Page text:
Author ORCID Identifier

http://orcid.org/0000-0001-9464-8358

Year of Publication

2017

Degree Name

Doctor of Philosophy (PhD)

Document Type

Doctoral Dissertation

College

Fine Arts

Department

Music

First Advisor

Dr. Ron Pen

Abstract

The relationship between Lowell Mason (1792–1872) and the Boston Handel and Haydn Society (est. 1815) has long been recognized as a crucial development in the history of American music. In 1821, Mason and the HHS contracted to publish a collection of church music that Mason had edited. While living in Savannah, GA, Mason had imported several recent British collections that adapted for church tunes works by Franz Joseph Haydn, Wolfgang Amadeus Mozart, Ludwig van Beethoven, and Ignaz Pleyel. His study with German émigré Frederick L. Abel allowed him to harmonize older tunes in standard counterpoint. In the historiography of American music, the collection has ever since been named as one of the chief forces establishing standard counterpoint in the mainstream of American music. The collection’s profits also helped the HHS survive the next several years, and the prestige of eventually being known as the collection’s editor helped launch Mason’s influential career in church music, music education, and music publishing. In 1827, that career took a dramatic turn when Mason returned to Boston to assume the presidency of the HHS and the care of music in several churches.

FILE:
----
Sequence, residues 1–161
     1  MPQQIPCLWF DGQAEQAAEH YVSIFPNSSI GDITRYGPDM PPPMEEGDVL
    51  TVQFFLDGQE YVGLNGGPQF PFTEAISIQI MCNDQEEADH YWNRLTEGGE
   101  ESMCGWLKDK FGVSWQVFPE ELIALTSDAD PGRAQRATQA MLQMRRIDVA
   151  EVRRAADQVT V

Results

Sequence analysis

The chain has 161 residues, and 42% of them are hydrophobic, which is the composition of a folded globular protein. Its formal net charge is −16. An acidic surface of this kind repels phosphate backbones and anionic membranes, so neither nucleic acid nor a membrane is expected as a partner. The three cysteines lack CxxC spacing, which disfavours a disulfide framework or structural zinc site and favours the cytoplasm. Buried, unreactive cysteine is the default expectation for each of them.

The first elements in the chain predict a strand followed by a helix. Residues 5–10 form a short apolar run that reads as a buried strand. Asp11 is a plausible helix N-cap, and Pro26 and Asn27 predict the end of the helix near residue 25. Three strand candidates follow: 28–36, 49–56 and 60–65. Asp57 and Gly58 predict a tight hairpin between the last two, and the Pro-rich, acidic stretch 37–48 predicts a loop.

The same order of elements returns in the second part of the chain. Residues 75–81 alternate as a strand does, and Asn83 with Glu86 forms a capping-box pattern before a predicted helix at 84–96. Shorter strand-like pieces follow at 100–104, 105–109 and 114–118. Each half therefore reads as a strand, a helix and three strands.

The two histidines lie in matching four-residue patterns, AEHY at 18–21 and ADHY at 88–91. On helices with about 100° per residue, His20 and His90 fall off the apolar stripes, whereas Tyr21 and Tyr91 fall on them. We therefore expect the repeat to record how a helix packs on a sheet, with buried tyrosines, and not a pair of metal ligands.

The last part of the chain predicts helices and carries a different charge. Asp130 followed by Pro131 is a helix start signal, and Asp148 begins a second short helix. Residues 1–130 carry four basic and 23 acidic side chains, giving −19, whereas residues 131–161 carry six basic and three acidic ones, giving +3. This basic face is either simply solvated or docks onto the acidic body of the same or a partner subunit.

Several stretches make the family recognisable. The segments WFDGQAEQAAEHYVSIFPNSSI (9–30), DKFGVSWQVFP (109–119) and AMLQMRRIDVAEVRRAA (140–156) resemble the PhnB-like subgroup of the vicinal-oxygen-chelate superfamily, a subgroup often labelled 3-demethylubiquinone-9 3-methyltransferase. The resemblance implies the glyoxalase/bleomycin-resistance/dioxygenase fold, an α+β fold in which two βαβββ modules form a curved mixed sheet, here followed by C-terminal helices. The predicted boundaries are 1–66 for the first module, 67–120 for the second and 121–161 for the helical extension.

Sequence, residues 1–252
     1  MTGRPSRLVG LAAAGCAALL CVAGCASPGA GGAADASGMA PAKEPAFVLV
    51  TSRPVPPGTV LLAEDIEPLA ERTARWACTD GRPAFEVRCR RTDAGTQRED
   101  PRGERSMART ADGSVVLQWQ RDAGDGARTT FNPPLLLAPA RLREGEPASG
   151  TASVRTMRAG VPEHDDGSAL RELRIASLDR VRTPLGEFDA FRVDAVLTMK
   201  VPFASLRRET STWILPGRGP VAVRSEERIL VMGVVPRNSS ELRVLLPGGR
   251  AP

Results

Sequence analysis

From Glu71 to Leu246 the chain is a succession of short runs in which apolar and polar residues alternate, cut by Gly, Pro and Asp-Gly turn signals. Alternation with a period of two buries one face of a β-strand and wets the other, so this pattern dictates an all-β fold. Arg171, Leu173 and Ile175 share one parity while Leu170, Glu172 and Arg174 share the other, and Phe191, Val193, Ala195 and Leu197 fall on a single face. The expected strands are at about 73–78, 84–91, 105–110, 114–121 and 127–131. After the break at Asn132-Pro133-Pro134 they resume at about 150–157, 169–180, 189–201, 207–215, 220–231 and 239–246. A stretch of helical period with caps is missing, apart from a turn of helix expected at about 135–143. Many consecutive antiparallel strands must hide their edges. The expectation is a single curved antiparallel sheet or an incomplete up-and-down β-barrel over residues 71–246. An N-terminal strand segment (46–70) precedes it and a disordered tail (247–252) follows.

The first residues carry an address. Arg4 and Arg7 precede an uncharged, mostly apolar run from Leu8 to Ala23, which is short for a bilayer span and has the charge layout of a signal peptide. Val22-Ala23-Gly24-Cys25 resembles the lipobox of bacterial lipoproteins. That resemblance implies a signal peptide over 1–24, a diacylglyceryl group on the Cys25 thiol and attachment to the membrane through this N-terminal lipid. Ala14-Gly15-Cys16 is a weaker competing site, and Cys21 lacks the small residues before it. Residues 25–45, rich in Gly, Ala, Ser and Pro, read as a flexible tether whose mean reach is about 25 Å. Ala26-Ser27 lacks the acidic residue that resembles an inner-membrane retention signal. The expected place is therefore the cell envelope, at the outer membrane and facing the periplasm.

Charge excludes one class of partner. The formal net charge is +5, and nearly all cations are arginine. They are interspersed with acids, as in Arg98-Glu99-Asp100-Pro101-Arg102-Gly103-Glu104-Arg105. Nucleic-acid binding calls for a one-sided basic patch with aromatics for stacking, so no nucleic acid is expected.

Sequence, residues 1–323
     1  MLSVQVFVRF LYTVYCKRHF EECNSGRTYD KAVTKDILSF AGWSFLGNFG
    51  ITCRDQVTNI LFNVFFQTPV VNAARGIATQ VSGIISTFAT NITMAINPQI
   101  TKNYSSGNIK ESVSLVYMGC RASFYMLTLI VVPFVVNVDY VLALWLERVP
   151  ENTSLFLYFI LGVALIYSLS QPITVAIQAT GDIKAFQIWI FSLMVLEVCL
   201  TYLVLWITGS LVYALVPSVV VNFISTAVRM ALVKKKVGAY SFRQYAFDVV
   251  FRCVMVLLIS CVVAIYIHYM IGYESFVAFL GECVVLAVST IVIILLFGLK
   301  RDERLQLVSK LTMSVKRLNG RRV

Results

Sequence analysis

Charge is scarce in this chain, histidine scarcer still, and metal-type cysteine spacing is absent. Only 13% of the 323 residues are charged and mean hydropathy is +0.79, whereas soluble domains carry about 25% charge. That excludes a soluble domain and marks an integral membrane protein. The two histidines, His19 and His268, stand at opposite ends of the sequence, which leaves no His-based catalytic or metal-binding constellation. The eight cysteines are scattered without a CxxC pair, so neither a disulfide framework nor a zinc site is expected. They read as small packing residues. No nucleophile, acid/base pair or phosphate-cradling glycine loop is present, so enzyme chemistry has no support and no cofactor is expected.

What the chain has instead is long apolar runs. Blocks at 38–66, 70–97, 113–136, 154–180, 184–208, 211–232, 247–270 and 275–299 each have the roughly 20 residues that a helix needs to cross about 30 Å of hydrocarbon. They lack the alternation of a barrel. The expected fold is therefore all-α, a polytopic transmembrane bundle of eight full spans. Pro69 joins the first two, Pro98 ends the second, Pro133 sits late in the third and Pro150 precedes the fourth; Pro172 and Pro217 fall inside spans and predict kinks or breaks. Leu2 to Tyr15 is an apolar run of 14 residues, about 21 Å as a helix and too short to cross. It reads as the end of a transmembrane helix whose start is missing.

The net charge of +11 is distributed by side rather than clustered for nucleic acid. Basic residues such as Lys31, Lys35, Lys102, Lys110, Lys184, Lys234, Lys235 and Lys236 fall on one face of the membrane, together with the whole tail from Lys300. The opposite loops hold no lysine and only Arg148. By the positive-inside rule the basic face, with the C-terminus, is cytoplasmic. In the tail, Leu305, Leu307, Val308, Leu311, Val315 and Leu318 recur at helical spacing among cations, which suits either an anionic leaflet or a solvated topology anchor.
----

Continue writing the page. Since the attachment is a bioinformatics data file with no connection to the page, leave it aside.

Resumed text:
This project shows that the social ties between Mason and the HHS begin earlier and are far more indebted to Calvinist orthodox Christianity than previous studies have shown. With special attention to Mason’s personal papers housed at Yale University, to the HHS records held at the Boston Public Library, and to newly indexed Savannah newspapers, it shows that Mason’s relationship with the Society grew from relationships begun before he left his native Massachusetts in 1812. The depth of the relationship grew steadily until 1827, marked at first by indirect contact and in 1821 by Mason’s trip to Boston. Mason’s 1827 return to Boston, often surprising to scholars, appears here as a logical consequence of the support given by the Society’s previous president, Amasa Winchester, for Mason’s work in church music. Mason’s departure from the Society seems to be based on his zeal, closely related to his evangelical goals, for universal music education.

Digital Object Identifier (DOI)

https://doi.org/10.13023/ETD.2017.133

Share

COinS